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Tuesday 23 September 2014

'We suffered a greater miscarriage of justice than those killed in bombings' - Guildford Four's Paul Hill

* Paul Hill made his controversial comment during RTE interview
* He was being interviewed about the late Gerry Conlon
* Five people died and 65 people were injured in Guildford bombing in 1974
* Two people died in Woolwich bombing in 1974
* 21 people died in three Birmingham bombings on November 21st, 1974 and 182 were injured

Published 22/06/2014 | 14:32

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Paul Hill, inset, Gerry Conlon (main image)
Paul Hill (left) and Gerry Conlon, two members of the Guildford Four. The victims of one of Britain's biggest miscarriages of justice will travel to the House of Commons in the hope that Tony Blair will publicly apologise for their wrongful imprisonment, Wednesday February 9, 2005. PRESS ASSOCIATION Photo.
Paul Hill (left) and Gerry Conlon, two members of the Guildford Four. The victims of one of Britain's biggest miscarriages of justice will travel to the House of Commons in the hope that Tony Blair will publicly apologise for their wrongful imprisonment, Wednesday February 9, 2005. PRESS ASSOCIATION Photo.
PAUL HILL AND GERRY CONLON
PAUL HILL AND GERRY CONLON

Paul Hill, one of the wrongly convicted Guildford Four, has said Gerry Conlon and himself suffered a “greater miscarriage of justice than those who died in the Guildford, Woolwich and Birmingham bombings”.

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Mr Hill made his comments in an emotionally charged interview with broadcaster Colm O Mongain on RTE Radio’s ‘This Week’ programme about the late Mr Conlon.

Mr Hill joined the programme live from his home in the US where he now lives with his family.

Along with the late Mr Conlon, Carole Richardson and Paddy Armstrong, Mr Hill was wrongly convicted of the Guildford Bombings and served 15 years in a British prison before being released in 1989.

Speaking on RTE radio earlier today, Mr Hill said he found it difficult for politicians and sections of the Irish media to be “eulogising” Mr Conlon.

He criticised successive Irish governments and the media for only getting involved in publicising what happened to them “very late in the day”.

“I’m not trying to score political points here but it has to be said that people in positions of power did very little for Gerry Conlon, for myself, the Birmingham Six, Judith Ward and the Maguire Seven.

The bombings all took place in 1974. Five people died in the Guildford bombing, two died in the Woolwich bombings and 21 died in the three Birmingham bombings, with 182 people injured.

“People knew we were completely and absolutely innocent," Mr Hill said today. "They should look in the mirror today and ask themselves ‘what did I do for these individuals’.”

Mr Hill said himself and Mr Conlon received mail from people all over the world while they were in prison so they knew their story was getting publicity.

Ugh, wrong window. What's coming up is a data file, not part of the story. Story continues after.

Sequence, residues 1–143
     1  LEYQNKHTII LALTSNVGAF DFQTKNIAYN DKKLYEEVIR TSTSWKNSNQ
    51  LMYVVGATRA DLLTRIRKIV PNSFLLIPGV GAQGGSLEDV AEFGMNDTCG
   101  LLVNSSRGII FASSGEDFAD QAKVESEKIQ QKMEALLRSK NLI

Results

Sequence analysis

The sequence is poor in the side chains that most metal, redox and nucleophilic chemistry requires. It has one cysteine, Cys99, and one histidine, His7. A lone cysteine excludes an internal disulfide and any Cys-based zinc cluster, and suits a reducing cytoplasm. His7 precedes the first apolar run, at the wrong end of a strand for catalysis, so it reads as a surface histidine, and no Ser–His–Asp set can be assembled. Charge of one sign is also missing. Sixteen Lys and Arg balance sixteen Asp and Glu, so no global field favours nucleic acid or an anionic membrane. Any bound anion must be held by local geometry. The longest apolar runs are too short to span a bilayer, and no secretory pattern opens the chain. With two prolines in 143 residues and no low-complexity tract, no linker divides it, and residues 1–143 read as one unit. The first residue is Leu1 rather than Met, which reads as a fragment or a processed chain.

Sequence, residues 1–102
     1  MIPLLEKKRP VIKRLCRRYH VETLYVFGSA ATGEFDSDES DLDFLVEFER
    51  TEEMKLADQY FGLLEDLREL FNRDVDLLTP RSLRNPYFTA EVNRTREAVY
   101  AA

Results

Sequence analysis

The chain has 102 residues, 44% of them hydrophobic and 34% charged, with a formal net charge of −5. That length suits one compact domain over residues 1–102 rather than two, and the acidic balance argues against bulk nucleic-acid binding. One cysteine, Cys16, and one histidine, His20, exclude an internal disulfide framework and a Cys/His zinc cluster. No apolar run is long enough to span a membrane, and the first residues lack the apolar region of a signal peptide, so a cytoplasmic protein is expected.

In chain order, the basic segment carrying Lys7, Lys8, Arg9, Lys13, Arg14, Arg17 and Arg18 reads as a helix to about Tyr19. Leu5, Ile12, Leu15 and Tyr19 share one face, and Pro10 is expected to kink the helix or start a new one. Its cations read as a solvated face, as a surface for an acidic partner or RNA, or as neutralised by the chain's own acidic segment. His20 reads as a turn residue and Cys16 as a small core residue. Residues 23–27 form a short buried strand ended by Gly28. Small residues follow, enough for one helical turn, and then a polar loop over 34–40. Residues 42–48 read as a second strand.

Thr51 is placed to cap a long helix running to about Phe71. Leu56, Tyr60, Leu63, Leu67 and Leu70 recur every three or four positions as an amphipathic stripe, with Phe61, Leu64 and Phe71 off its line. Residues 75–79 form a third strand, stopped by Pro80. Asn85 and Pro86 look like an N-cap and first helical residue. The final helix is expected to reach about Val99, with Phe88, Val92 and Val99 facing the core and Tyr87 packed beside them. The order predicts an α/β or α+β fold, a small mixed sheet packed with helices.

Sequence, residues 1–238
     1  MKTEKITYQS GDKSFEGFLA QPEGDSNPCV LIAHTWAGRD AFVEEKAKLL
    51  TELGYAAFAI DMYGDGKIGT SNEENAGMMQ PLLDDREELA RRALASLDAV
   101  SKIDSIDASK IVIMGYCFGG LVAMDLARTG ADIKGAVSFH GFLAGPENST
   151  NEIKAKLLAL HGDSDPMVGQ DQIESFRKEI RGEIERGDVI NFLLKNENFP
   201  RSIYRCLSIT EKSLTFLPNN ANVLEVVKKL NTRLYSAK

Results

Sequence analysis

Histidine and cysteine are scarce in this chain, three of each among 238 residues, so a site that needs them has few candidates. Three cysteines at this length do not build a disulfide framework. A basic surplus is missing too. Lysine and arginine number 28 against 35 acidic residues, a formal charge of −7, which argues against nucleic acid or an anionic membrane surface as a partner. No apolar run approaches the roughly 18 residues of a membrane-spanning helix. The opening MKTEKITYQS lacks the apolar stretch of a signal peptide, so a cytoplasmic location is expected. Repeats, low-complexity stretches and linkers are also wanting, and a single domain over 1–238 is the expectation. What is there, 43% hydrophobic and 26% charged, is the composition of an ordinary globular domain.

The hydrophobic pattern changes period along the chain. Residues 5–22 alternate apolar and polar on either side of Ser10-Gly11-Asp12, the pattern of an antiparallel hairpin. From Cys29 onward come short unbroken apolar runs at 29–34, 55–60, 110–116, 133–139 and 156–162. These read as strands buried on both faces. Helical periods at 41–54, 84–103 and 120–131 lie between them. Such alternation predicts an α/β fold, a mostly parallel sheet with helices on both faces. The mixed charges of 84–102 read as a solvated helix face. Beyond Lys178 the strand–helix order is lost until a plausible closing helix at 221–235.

When O’Mongain asked him about the IRA, Mr Hill replied: “What about the IRA? It’s political point-scoring so what do we say? What do we say?”

In a strong voice that appeared to become emotional, Mr Hill said: “What happened to myself and Gerry Conlon was a greater miscarriage of justice than those who died in Guildford, in Woolwich and in Birmingham.

“We had absolutely nothing to do with that,” he said.

"People in positions of power did very little to help."

The British government stressed that their case was a "judicial matter" and not a political one.

"When they talk about collateral damage, the man who died yesterday was collateral damage."

Mr Hill said he last spoke to Mr Conlon in March.

“I had seen Gerry a couple of years ago when I was home. I spoke to him in March just before he spoke at an event in Limerick University.”

When asked by Mr O Mongain if Mr Conlon’s campaigning had helped “focus him”, Mr Hill explained that his friend had a “bigger burden to carry”.

“Well it [the campaigning] focused him a little bit.

“People should really grasp that Gerry had a more difficult time than the rest of us.

“He lost his father [Patrick ‘Guiseppe’ Conlon]. His father died in prison. His father was never going to be released. Gerry’s father was always going to be in prison in Gerry’s head. Gerry had a bigger burden to carry than the rest of us and he didn’t deal with that well. He would be first to admit he didn’t deal with it well but these were the circumstances.

“But he focused himself and he was driven to help other people,” Mr Hill explained.

“I remember speaking to him about the Patriot Act here in America. About the people in Guantanamo.

“A nation can kidnap you anywhere in the world, fly you to a black site, torture you and hold you in a prison for nine years without trial.

“How do you think Gerry Conlon felt about that?

“How do you think people like me feel about that?

“After everything that’s happened to us, it gets even worse. All in the name of fighting terrorism,” he said before the interview was concluded.

Irish Independent

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